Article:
What compact discs and cable boxes have in common is that a lot of people think these things all belong in museums and history books. Pay TV companies believe Google is working to reinvent that last one, the cable box, and they don't think that's necessary or good for business.

About two weeks ago, the Federal Communications Commission introduced a proposal to change the rules that run cable boxes in order to give consumers more control over the hardware they choose for their pay TV services.

Well, a collection of pay TV companies, joined together under the banner of the Future of TV Coalition, has derided the proposed changes as being "a solution in search of a problem." With the current set up, consumers already have access to both pay TV content and streaming media, the coalition reasoned.

"This app-driven innovation is already happening – and it doesn’t require a government mandate that would increase consumer costs, strip viewers of privacy protections, and let third party device makers ignore the terms of carriage agreements between programmers and distributors," the coalition stated.

The 47-member-strong coalition, which includes Time Warner Cable, Comcast, Dish and Charter Communications, thinks Google is cooking up something to sway consumers and regulators the wrong way in this fight, according to a statement from the group.

"Amazingly, Google plans to demonstrate its new AllVid-style TV set top box, presumably in order to build support for the new rules being considered by the FCC on video competition announced to much fanfare just this week," the statement read.

The coalition then asked how Google could have a box that complies with the FCC's proposal just two days after the commission proposed the new rules, suggesting that the search engine company was in cahoots with regulators. It's a fair question, but it sells short the ingenuity and opportunist nature of Google.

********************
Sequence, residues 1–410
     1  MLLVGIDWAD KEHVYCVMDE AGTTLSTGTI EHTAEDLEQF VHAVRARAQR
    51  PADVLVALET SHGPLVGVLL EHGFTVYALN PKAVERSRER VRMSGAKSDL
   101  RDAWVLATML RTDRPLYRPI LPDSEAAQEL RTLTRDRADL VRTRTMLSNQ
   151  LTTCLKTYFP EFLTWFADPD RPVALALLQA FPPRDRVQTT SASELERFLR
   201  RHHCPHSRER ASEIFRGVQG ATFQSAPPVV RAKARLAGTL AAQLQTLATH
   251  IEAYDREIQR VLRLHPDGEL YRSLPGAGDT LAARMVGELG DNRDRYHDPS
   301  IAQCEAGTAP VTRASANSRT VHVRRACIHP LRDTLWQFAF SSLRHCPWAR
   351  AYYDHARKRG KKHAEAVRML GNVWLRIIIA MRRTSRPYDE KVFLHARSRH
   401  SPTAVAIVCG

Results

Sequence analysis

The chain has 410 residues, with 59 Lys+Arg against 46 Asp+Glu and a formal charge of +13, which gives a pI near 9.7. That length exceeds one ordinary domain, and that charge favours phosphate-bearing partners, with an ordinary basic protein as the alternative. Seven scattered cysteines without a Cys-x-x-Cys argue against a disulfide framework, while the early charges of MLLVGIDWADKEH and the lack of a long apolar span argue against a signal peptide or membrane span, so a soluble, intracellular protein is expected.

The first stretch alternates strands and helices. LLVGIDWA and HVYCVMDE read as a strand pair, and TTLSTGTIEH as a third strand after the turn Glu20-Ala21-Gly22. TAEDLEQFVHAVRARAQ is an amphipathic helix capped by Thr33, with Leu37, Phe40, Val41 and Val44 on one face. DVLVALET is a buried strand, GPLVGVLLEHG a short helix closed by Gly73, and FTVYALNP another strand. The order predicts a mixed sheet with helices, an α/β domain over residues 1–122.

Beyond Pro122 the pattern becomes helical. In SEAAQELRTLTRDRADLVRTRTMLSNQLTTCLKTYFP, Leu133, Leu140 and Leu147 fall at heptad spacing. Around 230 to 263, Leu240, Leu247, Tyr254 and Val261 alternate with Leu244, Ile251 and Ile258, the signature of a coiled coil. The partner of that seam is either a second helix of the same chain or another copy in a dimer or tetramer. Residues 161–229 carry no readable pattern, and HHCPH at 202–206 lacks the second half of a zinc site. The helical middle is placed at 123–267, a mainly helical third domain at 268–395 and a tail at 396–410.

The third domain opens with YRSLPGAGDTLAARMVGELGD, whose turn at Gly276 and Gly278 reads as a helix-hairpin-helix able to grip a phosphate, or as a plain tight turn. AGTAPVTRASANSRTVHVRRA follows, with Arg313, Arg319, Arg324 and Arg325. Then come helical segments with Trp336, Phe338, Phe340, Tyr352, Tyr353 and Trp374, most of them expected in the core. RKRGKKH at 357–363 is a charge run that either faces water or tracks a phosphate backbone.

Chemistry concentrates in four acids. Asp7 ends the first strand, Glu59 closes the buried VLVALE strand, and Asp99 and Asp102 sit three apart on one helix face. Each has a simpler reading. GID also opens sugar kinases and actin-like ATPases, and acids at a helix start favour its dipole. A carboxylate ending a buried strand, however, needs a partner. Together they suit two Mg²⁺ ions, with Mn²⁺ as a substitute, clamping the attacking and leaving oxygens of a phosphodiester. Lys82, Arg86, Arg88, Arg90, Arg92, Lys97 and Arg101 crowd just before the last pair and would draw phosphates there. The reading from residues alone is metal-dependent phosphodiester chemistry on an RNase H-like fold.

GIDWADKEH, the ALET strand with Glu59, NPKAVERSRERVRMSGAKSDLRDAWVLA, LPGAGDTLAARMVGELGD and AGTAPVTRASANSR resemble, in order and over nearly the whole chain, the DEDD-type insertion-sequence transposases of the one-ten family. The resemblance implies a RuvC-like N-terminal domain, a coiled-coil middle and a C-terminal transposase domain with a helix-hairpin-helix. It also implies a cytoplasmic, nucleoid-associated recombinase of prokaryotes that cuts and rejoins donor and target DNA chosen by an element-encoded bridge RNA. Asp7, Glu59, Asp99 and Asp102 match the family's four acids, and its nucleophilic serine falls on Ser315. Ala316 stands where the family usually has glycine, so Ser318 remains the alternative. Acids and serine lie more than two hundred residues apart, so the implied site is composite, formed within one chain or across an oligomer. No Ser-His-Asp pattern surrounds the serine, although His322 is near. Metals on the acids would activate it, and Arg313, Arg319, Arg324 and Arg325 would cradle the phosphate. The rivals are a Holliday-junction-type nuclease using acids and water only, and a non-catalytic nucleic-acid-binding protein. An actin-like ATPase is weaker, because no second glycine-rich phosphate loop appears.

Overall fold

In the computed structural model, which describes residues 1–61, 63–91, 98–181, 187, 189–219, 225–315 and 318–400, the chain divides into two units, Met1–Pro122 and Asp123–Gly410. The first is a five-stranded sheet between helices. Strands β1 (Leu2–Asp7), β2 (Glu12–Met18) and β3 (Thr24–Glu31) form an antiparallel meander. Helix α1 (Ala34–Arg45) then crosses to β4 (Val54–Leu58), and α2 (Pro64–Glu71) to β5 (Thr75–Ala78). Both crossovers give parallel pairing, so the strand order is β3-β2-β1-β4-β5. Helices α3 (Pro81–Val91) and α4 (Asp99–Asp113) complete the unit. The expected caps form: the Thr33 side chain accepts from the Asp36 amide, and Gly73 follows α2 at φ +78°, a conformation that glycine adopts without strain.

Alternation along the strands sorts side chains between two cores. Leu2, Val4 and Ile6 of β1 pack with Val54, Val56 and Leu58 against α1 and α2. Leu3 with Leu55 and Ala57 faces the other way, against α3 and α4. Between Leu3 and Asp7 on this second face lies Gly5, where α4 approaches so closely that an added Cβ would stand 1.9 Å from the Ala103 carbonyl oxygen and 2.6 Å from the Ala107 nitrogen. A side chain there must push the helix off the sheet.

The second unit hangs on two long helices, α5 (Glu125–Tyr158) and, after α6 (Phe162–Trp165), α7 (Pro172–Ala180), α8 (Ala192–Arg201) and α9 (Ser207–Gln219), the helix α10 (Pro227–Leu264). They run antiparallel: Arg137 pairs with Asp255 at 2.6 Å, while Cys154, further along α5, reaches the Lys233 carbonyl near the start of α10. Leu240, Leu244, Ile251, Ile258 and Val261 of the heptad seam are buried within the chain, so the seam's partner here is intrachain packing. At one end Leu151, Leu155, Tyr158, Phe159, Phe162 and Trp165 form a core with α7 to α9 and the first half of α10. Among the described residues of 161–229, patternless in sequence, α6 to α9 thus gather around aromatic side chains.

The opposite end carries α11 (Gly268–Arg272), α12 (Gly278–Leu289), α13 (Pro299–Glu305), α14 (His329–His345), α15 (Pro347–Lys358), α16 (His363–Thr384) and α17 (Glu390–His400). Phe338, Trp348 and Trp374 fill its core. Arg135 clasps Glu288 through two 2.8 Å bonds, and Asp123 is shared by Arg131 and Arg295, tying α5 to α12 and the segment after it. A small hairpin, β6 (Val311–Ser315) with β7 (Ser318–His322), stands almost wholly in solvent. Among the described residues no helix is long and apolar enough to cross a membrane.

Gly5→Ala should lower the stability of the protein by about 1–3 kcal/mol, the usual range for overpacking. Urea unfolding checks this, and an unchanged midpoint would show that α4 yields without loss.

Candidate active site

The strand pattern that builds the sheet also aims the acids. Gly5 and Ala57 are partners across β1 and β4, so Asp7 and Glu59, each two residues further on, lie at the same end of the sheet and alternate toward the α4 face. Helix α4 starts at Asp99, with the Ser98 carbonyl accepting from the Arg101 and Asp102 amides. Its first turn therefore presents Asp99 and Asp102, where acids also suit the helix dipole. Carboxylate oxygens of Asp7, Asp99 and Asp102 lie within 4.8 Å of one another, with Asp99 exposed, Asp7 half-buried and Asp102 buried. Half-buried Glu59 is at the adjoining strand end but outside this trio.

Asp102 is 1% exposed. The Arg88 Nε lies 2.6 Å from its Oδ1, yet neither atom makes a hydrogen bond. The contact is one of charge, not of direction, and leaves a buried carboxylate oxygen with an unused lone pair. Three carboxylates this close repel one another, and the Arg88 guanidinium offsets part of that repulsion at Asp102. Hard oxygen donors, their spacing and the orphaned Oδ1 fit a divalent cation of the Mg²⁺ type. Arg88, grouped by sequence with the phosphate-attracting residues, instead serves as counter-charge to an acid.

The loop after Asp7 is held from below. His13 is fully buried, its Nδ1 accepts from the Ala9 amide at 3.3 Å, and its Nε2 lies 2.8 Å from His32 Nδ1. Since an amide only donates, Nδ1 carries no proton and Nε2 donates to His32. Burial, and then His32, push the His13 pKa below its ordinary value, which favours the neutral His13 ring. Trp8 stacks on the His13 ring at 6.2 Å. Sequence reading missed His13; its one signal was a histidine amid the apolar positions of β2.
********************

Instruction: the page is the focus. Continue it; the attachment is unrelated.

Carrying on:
Milo Medin, vice president of access services at Google, forecast a future in which Android TV and other software TV platforms, would work with smart TVs to replace cable boxes.

"If you can integrate, if you can provide extra functionality and search across these things, and give TV vendors a chance to differentiate from each other and really unlock innovation, I think it's a huge opportunity for those guys," said Medin this week. "Because what's the difference right now between buying a Samsung or a Sony or a Vizio?"

Still, Medin said Google has no plans right now to develop a cable box or something to replace one.

"Google does a lot of things that don't necessarily have a direct commercial benefit for Google," Medin said. "We do it because we believe openness benefits everyone. We and the Internet as a whole all benefit from open systems."

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